Selecting the Best Computer Furniture for Your Classroom
- By Wilson Troup
- October 1st, 2002
When it comes to furnishing a technology classroom, the overriding selection criteria must be quality. This is generally defined as furniture that functions smoothly and looks attractive with regular maintenance for up to two decades. Most education technology decision makers have no interest in replacing furniture more frequently because of the substantial portion of their budgets that must always be allocated to upgrading hardware and software.
If you will be promoting the classroom as a public showcase for your commitment to educational technology, select furnishings with long-term eye appeal. Start with seating. You can choose molded plastic or fiberglass shells in rich, basic colors that complement any color scheme. If budget allows, you can add more color, texture and visual appeal by upholstering the shell.
You can further enhance your room’s appearance through your selection of worktable materials. For example, if your room’s decor is predominantly wood, you extend the look by choosing wood grain laminates for the tabletop and modesty panels. Other options include selecting complementary colors for the seating shells and tabletops or the tabletop trim molding. The trim also protects the table edges, enhancing its long-term appearance. You can also order flip-up tabletop connection boxes in colors.
It’s doubtful that you want your showcase classroom to have tangles of power cables, data and audio wires easily visible. In small computer labs, you can conceal these wires and cables inside wall-mounted raceways and locate tables near the walls. But, for larger rooms with worktables and chairs positioned in lecture-style configurations, consider installing a complete power/data delivery system featuring “beneath the floor” channels.
Versatility Vs. Permanence
Showcase classroom or not, you must decide how important it is for students to be able to reconfigure the room. The least versatile, but perhaps most popular, approach is to have tables and seats permanently mounted to the floor. A slight variation on this theme, which still allows for the use of battery-powered laptops, is to select permanently mounted seats with folding tablet arms rather than tabletops.
If you want to take advantage of the built-in wire management systems but still give students more freedom of movement, have tables permanently installed and choose task-style seating on casters or stackable chairs that can be moved.
To provide full room versatility, purchase high-quality, portable, tables and chairs so the room can be rearranged. This does require a more flexible and perhaps less secure power and data delivery plan.
Many colleges are opting for worktables with seats mounted on swing-arm assemblies attached to the floor and the table frame. This allows students to swing the seat out and away from the table in order to sit and stand comfortably. The seats automatically return to the table when the occupant leaves. When developing the floor plan for this type of system, recommend a minimum riser depth of 41 in. so there is room for a student to swing it out and sit down comfortably and for other students to pass by.
The ability to lean back in any chair is a tremendous comfort factor and also enables students to make adjustments in the distance between their eyes and the computer screen. To provide this feature, select molded plastic seating with an enclosed, protected, flex back mechanism in the frame.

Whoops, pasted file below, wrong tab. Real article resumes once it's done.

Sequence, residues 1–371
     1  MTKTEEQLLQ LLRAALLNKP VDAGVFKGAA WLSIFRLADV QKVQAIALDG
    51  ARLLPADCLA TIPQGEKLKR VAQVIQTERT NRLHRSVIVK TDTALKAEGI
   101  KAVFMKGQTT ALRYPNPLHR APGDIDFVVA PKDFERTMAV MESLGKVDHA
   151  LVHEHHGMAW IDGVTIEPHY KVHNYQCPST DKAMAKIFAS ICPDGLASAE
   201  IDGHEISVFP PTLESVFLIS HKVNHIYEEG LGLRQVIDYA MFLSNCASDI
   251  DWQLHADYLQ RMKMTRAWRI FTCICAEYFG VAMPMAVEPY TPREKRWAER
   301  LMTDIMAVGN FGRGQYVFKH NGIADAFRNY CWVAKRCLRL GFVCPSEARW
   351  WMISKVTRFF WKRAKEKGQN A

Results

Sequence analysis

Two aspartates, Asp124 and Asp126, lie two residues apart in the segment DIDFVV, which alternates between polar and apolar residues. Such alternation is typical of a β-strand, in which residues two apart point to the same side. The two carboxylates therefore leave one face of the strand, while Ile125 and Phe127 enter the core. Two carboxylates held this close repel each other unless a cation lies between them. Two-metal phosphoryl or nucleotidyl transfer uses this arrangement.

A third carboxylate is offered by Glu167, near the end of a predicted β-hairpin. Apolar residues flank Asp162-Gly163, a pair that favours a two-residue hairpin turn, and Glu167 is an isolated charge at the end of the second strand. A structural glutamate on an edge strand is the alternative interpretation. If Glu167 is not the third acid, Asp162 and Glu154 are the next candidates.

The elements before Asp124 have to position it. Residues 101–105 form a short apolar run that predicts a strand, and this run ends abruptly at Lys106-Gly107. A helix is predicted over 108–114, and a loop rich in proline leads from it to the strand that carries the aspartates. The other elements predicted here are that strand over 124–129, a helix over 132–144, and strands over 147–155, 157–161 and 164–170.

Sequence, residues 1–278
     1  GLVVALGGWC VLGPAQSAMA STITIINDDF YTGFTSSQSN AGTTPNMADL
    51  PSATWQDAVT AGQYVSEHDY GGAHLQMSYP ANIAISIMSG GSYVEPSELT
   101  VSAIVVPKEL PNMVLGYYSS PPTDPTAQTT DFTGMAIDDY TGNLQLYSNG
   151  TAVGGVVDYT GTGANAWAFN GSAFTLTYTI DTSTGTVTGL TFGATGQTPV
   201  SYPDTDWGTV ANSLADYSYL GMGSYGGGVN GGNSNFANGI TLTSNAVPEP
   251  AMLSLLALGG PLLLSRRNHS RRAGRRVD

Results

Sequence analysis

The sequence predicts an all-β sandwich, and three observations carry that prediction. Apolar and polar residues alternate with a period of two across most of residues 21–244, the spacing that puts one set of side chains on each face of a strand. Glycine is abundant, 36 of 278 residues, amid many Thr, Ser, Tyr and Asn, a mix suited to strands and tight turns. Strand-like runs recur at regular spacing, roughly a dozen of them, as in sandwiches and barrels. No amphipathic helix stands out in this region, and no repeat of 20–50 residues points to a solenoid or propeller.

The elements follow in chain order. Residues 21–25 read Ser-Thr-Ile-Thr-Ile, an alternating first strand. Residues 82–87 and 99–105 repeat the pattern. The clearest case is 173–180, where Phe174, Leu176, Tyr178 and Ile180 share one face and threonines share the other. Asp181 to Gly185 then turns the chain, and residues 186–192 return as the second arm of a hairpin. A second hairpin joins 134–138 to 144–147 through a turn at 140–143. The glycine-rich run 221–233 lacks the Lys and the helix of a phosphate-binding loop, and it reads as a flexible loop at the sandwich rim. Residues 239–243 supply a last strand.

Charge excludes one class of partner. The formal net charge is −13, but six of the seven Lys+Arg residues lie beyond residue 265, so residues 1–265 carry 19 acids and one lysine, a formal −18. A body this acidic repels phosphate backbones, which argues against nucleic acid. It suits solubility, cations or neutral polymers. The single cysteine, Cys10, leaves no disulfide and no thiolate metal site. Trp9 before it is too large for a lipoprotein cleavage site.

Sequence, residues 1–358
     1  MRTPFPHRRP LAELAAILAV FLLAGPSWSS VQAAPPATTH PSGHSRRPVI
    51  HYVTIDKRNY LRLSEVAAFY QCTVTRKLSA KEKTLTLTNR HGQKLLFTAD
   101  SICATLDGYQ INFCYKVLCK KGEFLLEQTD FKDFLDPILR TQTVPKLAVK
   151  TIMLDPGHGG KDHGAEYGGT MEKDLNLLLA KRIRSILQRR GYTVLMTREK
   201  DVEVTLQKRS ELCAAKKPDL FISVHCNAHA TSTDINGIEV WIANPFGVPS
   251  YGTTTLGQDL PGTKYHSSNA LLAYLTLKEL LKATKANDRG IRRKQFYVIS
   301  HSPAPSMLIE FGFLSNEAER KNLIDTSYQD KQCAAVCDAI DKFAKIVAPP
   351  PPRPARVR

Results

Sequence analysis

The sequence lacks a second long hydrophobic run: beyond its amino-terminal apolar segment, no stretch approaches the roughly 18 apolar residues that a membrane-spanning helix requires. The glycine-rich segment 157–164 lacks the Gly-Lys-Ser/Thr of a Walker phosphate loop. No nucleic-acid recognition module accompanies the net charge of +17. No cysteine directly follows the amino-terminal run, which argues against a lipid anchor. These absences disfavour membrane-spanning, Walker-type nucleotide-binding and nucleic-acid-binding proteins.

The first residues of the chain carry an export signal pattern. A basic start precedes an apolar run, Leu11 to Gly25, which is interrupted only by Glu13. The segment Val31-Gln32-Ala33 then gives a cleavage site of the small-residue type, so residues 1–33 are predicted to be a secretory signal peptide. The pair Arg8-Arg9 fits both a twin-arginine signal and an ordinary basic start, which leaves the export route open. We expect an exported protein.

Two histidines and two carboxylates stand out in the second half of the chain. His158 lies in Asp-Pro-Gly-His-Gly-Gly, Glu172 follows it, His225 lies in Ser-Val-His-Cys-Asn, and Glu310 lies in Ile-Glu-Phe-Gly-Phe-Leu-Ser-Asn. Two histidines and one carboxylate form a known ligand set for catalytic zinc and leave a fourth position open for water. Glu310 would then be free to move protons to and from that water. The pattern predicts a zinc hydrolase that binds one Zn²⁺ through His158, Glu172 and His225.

Students still carry books, files, computer disks and laptop cases, and they need enough space on the tabletop to accommodate these items. While most standard classroom tables have 18-in.-deep tops, you can order technology classroom tables with tops up to 30 in. deep. This requires you to work with the manufacturer, the architect and the interior designer to create a floor plan that accommodates the desired number of students while allowing sufficient space between each row for students to move about.
The Durability Factor
Long-term durability largely results from good product design. For example, swing-arm seating mechanisms, folding tablet arms, tilt springs in seat backs or pneumatic bases must be engineered for consistent, smooth, silent operation. As a good rule of thumb, the products that feature full movement while using the fewest moving parts reduce the need for repair and replacement.
Many products meet the quality definition because they have metal understructures that can withstand being kicked and exposed to mud, water and salt without scratching or rusting.
You don’t want to frequently repaint metal parts, so choose furniture with metal that has been coated with paint that has been laboratory and field tested for long-term scratch, chip and rust resistance.
Your staff can clean a room with permanently mounted furniture and hidden cable channels in much less time than required to move dozens of pieces of loose furniture and miles of cables. If you allow students to sit in upholstered seats, select highly stain resistant fabric or vinyl upholstery.
No discussion of technology classrooms would be complete without acknowledging the widely anticipated shift toward wireless Internet and Intranet connections. As this occurs, it will eliminate the need for data line connections in most rooms, but there is not as much confidence that battery technology will soon reduce the need for electrical power. Your goal when building wired classrooms is to select a wire management system that enables you to disconnect the data lines, leaving the power lines in place. If the need for workstation power ever goes away, those lines can also be removed while the furnishing system is still computer and student friendly.
Wilson Troup is executive vice president of Lake Bluff, Ill.-based Clarin, one the nation’s largest manufacturers and marketers of portable and classroom seating. Visit their Website at .